This article examines the elements of theatrical and political spectacle surrounding the tour of the US Fleet to the Pacific and Japan in 1908, its melodramatic afterlife in the 1909 season of the New York Hippodrome, and the performances in the civic spaces of New York City by the production's Māori extras. Arguing that these touristic and theatrical spectacles were constitutive of an emergent globalist and Imperialist regional imaginary, the "American Pacific," it examines the geopolitical underpinnings to this cultural formation, its racial politics, the global and globalizing revolution in the entertainment industry that was a crucial component of it, and its aesthetic economies of virtualization. The article takes issues with the theoretical optic of Orientalism and the postmodern understanding of spectacle, and forwards an alternative model of spectacle as inauguration. This model accounts for spectacle's centrality to the cultures of circulation that produce global systems and recognizes its nature as a multivocal, unstable, porous medium of political and social formation that is responsive to dissenting or local agendas and utopic imaginaries.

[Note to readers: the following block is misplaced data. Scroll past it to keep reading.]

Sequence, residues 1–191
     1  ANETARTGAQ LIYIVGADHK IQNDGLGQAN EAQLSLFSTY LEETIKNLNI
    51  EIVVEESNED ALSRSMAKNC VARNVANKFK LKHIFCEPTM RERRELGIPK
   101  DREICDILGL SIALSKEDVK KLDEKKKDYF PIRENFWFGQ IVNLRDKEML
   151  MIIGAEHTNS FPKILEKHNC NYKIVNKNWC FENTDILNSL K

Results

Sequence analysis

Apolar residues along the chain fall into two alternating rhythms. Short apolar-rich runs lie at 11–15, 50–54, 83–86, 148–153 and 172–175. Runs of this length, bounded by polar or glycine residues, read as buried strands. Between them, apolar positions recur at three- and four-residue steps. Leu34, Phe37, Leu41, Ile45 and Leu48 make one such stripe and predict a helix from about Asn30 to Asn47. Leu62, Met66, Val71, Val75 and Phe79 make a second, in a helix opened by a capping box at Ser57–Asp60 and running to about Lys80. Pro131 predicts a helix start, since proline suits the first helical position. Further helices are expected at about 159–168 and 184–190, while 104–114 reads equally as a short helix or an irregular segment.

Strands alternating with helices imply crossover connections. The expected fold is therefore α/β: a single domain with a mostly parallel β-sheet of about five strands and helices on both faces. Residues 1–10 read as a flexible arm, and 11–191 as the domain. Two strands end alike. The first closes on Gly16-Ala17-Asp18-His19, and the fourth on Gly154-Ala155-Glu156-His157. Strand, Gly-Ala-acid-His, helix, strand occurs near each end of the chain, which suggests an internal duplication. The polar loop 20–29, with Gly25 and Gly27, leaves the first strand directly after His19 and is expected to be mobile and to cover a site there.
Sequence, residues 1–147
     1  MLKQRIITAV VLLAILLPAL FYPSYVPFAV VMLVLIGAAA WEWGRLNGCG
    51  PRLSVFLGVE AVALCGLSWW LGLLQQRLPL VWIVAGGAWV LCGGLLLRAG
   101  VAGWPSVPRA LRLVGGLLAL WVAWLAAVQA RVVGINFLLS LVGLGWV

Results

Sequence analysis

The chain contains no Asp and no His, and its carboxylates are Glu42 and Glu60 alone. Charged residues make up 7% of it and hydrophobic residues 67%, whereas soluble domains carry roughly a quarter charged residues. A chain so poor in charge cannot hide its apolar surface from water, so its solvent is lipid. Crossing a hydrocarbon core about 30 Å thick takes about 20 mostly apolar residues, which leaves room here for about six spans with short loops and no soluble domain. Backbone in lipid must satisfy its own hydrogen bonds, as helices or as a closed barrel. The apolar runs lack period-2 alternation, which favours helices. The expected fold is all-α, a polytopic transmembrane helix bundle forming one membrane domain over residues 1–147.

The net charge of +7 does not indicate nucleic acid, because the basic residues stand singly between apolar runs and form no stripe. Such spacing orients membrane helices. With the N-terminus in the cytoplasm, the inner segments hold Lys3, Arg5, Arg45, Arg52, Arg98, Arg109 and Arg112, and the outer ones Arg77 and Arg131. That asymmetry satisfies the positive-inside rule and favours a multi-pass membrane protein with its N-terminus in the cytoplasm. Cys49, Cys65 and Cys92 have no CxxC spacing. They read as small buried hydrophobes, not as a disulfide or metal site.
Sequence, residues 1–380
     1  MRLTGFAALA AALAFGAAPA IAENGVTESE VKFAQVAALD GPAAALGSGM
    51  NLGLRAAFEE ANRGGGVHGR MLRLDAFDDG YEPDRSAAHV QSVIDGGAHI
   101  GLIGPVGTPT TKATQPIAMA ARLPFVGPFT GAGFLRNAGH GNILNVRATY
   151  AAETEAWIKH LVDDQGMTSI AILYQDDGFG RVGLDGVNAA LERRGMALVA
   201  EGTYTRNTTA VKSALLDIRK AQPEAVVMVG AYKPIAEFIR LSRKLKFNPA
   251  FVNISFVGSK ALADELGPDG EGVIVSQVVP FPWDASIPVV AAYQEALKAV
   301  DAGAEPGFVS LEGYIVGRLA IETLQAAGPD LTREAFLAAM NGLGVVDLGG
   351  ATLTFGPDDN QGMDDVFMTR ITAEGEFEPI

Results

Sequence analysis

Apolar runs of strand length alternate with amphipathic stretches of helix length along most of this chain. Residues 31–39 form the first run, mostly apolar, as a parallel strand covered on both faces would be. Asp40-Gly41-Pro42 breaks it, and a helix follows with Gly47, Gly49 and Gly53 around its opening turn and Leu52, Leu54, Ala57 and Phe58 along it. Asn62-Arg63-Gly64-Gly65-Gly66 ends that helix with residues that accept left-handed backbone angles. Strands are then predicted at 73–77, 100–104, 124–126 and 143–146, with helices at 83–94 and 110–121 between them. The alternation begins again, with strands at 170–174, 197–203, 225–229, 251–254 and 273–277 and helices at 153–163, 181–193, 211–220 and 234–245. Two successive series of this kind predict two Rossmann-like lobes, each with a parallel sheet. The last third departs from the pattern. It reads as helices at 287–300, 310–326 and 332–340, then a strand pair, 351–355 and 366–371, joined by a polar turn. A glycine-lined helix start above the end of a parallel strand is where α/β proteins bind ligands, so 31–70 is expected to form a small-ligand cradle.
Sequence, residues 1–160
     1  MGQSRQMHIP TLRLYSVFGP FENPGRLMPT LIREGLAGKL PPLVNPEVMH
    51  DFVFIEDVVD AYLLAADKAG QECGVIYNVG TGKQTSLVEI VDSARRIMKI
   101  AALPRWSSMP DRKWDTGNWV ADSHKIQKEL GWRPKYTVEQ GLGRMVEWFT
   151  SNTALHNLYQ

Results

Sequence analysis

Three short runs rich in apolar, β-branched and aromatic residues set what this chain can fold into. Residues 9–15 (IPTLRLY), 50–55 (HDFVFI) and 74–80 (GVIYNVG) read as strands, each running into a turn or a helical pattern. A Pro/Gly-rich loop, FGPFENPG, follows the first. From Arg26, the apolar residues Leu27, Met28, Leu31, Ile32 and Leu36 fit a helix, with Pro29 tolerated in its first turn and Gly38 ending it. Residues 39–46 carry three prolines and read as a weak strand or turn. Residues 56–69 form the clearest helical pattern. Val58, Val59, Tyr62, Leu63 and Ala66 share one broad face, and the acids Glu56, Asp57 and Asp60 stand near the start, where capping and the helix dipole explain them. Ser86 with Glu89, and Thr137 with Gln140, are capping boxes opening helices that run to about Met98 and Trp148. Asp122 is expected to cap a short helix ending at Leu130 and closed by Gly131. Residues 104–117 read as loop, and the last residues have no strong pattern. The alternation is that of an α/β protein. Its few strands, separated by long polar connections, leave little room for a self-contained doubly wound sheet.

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pp. 355-382
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